Livingston Chamber Tour Group Visits Agri-tourism Businesses
Geneseo - Agriculture can be fun! Last week 35 people boarded a luxury motor coach compliments of Anytime Coach Lines and joined the Livingston County Chamber of Commerce & Tourism for its annual familiarization tour or “fam tour”. This year the theme centered on the two largest industries in the county, agriculture and tourism. The word agri-tourism has been coined by the USDA to mean "a commercial enterprise at a working farm geared to educate and entertain visitors.” Tour participants visited several agriculture and farm businesses that have expanded their presence to draw visitors and tourists to Livingston County.
The day began with a stop at the Hemlock Hills Alpaca Farm in Livonia, where owners Bob and Mary Ann Thompson let visitors wander among and pet the alpacas who are equal parts pet and premium fleece producers, while Bob discussed the specific qualities of alpaca fiber and the personalities of individual alpaca. The Thompsons combine being a working farm and offering tours of their unique operation to families and groups for a small fee.
The next stop was O-Neh-Da & Eagle Crest Vineyards in Hemlock. Owner Will Ouweleen gave an engaging talk about the history of winemaking in the Finger Lakes while his wife Lisa offered tastings of some of the most popular vintages. Established in 1872 as O-Neh-Da Vineyard, Eagle Crest produces small-batch table wines, made from 100% Finger Lakes-grown grapes, while maintaining operation of the oldest sacramental winery in the New World.
Surrounded by Nature Conservancy land, and home to New York State's oldest bald eagle nesting site, Eagle Crest Vineyards makes a conscious effort each year to improve its stewardship with sustainable farming methods coupled with corporately responsible business practices. Recently the vineyard installed solar panels which provide 100% of the power needed to run their operation.
The next stop on the tour was the facilities and grounds at the Hemlock “Little World’s Fair”. The fairground is working to become one of the area’s newest wedding and events venues. Another innovative way they are utilizing their spacious grounds and established buildings is by renting their seasonally empty barns to Conesus and Hemlock Lake boat owners who wish to store their boats in protected buildings in the off season. The tour group enjoyed a catered lunch by Partyman Catering and Rental in the new Home Arts building.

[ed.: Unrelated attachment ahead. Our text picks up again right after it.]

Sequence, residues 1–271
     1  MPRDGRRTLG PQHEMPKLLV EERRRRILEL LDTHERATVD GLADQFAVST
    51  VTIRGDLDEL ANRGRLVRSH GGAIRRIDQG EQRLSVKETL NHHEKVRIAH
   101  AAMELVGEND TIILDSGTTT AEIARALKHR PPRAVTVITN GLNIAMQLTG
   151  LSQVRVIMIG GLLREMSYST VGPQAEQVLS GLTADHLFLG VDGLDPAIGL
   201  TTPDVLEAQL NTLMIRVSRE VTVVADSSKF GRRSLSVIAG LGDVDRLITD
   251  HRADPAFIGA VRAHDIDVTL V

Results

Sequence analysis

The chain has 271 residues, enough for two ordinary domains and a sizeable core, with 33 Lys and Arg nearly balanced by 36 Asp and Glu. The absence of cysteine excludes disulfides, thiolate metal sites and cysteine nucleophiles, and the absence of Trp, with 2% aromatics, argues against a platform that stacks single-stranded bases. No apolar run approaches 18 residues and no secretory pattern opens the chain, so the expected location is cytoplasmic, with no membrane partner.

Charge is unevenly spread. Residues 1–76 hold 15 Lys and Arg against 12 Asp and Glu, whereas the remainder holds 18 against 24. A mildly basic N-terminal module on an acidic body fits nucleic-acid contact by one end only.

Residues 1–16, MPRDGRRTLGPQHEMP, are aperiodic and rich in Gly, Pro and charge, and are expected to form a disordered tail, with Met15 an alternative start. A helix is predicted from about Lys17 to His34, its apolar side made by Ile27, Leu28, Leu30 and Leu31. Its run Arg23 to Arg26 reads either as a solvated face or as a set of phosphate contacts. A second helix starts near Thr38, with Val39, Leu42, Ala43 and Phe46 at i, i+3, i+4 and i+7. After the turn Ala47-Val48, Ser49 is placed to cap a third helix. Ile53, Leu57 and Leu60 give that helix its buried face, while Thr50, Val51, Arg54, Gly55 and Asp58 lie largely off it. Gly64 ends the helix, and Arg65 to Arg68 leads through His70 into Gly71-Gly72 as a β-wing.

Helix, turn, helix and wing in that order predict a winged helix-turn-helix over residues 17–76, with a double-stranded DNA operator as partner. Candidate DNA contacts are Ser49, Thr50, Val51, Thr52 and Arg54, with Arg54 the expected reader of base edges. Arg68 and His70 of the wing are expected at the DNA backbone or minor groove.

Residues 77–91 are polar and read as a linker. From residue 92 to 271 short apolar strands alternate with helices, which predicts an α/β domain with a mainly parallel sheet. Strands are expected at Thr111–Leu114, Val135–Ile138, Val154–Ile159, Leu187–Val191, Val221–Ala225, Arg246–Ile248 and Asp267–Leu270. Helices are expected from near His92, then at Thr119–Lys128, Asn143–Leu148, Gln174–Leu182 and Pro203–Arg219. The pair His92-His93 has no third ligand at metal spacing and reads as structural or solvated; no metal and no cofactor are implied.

The day continued at the Dinky Doo Petting Zoo and Free Spirit Leather Shop in Wayland. Each visitor was given a bag of feed and encouraged to interact with, and feed the animals, as they wandered through the zoo. They house a variety of animals from snuggly bunnies and guinea pigs to larger pigs and horses. They also offer pony rides for children. Owner Cherie Carter says maintaining a petting zoo is truly a labor of love since the animals need to be cared for and watched over 24 hours a day. Carter lives on site and welcomes visitors from 9 a.m. to 5 p.m. Thursdays through Saturdays throughout the fall.
At Letchworth Farm B & B in Nunda, the group was introduced to Richard and Daisy Trayford. Natives of England, they moved to this area three years ago to raise and train world-class eventing horses. The Trayfords bought an 1890’s era house on an 88 acre horse farm within easy walking distance of Letchworth State Park. In 2018 they renovated their home to offer an elegant bed and breakfast experience in an authentic agricultural setting to visitors interested in farm/equestrian life and spectacular views of the regions rolling ag lands.
The day concluded at the Kish-A-Wa Creamery in Nunda. Pam Washington started the ice cream stand as a retirement project after years of working in the dairy and food safety industries. Washington is a proud graduate of the Penn State Ice Cream Short Course, which is the same course that produced renowned ice cream makers Ben and Jerry. Washington gave each tour group member three samples of vanilla ice cream from different manufacturers. She taught them how to differentiate between poor and good quality ice cream by taste, color, texture, and mouth feel.
Throughout the day, Tourism Director, Elissa Russell, held random drawings for various ag products available in Livingston County, including Once Again Nut Butter, Deer Run Winery Jam, Monks’ Bread, a fall mum and more. Tour participants included business operators, hotel front-line staff, various Chamber members, and other tourism staff from throughout the region. The Chamber & Tourism’s annual “fam” tours are held each fall and open to the public.
Media Contact: Ellen Herlihy, Tourism Marketing Coordinator
585-243-2222 ext. 5 or Ellen@LivingstonCountyChamber.com